27 posts • joined 29 Jun 2007
re: That'll learn him.
Correction, he has been caught twice in two similar stings - both in 2001 - so after he was no longer involved in weapons inspections but before the Iraq War.
No charges were made the first time, whilst with the second time, charges were dropped and sealed - so after a period of time, if he didn't reoffend, they would be effectively 'forgotten'. To the fevered conspiratiorial mind, no doubt that this is proof that Ritter was being 'warned' by the powers that be to shut up.
Yeah, he's been framed... right.....
Not only is there her mugshot, but there's a copy of the police report and you can even listen to her phone calls.
Hard drive is now a user replaceable item
"Upgrading your Mac has never been easy. And it just got harder" Except that if you want to change your hard drive, you're no longer voiding your warranty.
Absolutely agree - can't understand why the Flip was put here, but not this one.
None of the previous adapations have been that faithful...
...for the simple fact that a lot of the book concentrates on Hannay in the Scottish moors - great to read, but it doesn't lend itself to thrilling visual pleasure. Consequently, all the previous versions have departed in their own way from the book.
re: Origin of the Species and Snafu
With regards to your comments about 'Not Only, But Also'', Guy didn't pick a very good example when he compared blogs to this. If 'lost' blogs are no longer on the Net, but are preserved in some way (e.g. on a printout or hard drive) then the content has been preserved; although we still have scripts of the shows that 'NOBA', it's hard to to get a sense of what they were actually like performed when you are unable to see it. It's a little like if every single recording by Hendrix was destroyed, but we had his work transposed to sheet music - we might get the gist, but it would be hard to realise the full effect of his work by being unable to judge it work the way it was performed.
Whether or not, NOBA made you or me laugh is irrelevant - in terms of TV comedy, it was ground-breaking. Peter Cook was a huge influence on many, many comedians (the Pythons would be the first to admit this) and he played a huge role in the Sixties satire scene - without him, there probably would have be no That Was The Week That Was (if for no other reeason, that David Frost was a slavish imitator of Cook). Personally, because of stuff like that and Private Eye, I reckon Cook's name will live on for a little while longer...
But all this misses the point that Guy was trying to make - that somethings are worth preserving historically, but through carelessness, they are being lost for the ages. In the case of NOBA, Peter Cook offered to pay for the tapes to have safe storage, pay for new tapes so they NOBA ones wouldn't have to be wiped etc etc. But the BBC decided no, because it couldn't see the point and disn't want to deal with the paperwork.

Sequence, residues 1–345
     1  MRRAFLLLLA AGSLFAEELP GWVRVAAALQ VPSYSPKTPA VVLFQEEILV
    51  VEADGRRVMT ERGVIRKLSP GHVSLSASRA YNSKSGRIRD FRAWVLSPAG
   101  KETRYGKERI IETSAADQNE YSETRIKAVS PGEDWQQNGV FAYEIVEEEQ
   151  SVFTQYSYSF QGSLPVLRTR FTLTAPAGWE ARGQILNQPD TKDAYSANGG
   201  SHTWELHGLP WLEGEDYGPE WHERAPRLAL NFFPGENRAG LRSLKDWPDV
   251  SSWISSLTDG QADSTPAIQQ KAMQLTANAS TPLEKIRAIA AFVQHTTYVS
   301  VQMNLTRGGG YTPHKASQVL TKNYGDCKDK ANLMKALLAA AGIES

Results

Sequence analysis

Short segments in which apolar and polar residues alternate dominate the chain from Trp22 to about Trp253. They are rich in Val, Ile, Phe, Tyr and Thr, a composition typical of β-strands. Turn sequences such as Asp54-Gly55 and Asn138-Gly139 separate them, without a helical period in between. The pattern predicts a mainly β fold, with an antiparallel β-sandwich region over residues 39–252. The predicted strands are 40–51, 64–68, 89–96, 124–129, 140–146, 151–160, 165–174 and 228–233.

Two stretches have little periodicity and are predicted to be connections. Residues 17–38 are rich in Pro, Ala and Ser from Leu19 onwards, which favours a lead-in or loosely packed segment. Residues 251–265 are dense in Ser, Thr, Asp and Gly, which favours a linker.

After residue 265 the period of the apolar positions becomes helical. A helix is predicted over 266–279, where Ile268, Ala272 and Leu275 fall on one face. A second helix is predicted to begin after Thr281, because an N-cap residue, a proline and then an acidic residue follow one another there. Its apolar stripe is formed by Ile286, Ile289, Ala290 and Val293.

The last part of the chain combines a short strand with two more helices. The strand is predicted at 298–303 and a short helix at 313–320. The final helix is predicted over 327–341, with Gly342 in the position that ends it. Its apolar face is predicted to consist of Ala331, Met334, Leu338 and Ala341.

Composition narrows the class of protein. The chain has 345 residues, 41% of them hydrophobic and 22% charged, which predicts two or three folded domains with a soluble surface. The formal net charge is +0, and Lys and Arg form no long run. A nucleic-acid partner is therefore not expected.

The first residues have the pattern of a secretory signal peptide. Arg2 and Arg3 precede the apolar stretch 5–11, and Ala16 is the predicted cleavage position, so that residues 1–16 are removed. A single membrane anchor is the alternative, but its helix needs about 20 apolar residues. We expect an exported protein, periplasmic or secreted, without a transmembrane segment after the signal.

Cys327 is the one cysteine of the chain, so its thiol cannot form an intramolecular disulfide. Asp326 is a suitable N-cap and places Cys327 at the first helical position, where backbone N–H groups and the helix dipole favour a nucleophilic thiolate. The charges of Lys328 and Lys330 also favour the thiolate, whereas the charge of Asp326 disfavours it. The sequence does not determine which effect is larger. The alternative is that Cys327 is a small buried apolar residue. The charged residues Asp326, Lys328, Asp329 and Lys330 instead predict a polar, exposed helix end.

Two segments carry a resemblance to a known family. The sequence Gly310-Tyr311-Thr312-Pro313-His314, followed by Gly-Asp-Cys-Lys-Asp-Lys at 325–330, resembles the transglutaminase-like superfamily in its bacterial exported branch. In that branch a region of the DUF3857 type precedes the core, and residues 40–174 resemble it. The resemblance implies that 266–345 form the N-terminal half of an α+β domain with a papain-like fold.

@ Snafu - I was just commenting that you (well, not you) can't really make this comparison (not well, anyway) well are blogs and performed comedy are two different types of media.
"The irritating thing is, the site which hosted his blog went and lost most of the stuff from those early years. It's a loss, pretty much on a level with the BBC's decision to re-use the video tapes which contained "Not Only But Also" with Peter Cook and Dudley Moore, or the loss of the Goon Show audio grams earlier."
I'm assuming that this is a kind of wind-up.
Jackson is not actually making the film
'Regular readers will recall that Peter Jackson last year announced he would remake the film, and promised his version would be "as authentic as possible and as close to the spirit of the original as possible". This assertion provoked a certain amount of speculation as to how he would deal with the delicate matter of Guy Gibson's mutt.'
I would imagine he will leave such decisions to the director and his creative team. As reported on many a film/entertainment/news site around the time of El Reg ran its misleading story about the remake, Jackson is to produce the film and that's it.
Lest we forget...
Hollywood has _never_ been about creativity - profit has always been the principle force that drives a studio.
Worth remembering though that there have been successful remakes as well, including:
John Huston's version of The Maltest Falcon (the third film version), John Carpenter's The Thing, Hitchcock's second version of his own The Man Who Knew Too Much, Ian McKellen's Richard III, De Palma's Scarface, Cronenberg's The Fly, Scorsese's Cape Fear, the Dawn of the Dead remake, The Magnificent Seven (remake of the Seven Samurai), A Fistful of Dollars (remake of Yojimbo ).
Although it's not a straight remake, I'll bring up Reservoir Dogs as it ripped off the by far more superior City On Fire wholesale.
Colbert has already slated Viacom
Kind of surprised to see this hasn't already been mentioned in the story, but Colbert has ridiculed Viacom over the whole YouTube spat on more than one The Colbert Report- and very funnily too.
Also surprised to see no mention another Viacomm sued YouTube for having a video of a Colbert _parody_ .
re: It still amazes me and re: I have to wonder
In the last year or two, Tony Thompson (who is the Observer's [Sunday UK newspaper] crime editor) wrote a book on gangs, a follow-up to an earlier work, looking at how organised crime has changed.
There was a very interesting section on 419 scams - although everyone thinks of virtually illiterate emails, according to Thompson some are considerably more sophisticated and plausible than that, as are the scammers themselves.
Like all cons, these scams are reliant on the greed of the victim (and if you can exploit a willingness on their part to break the law, all more the better) - it's got nothing to do with how much money they've got. Arguably, if you're desperate and looking for an easy way out, you're going to be very susceptible to this kind of things.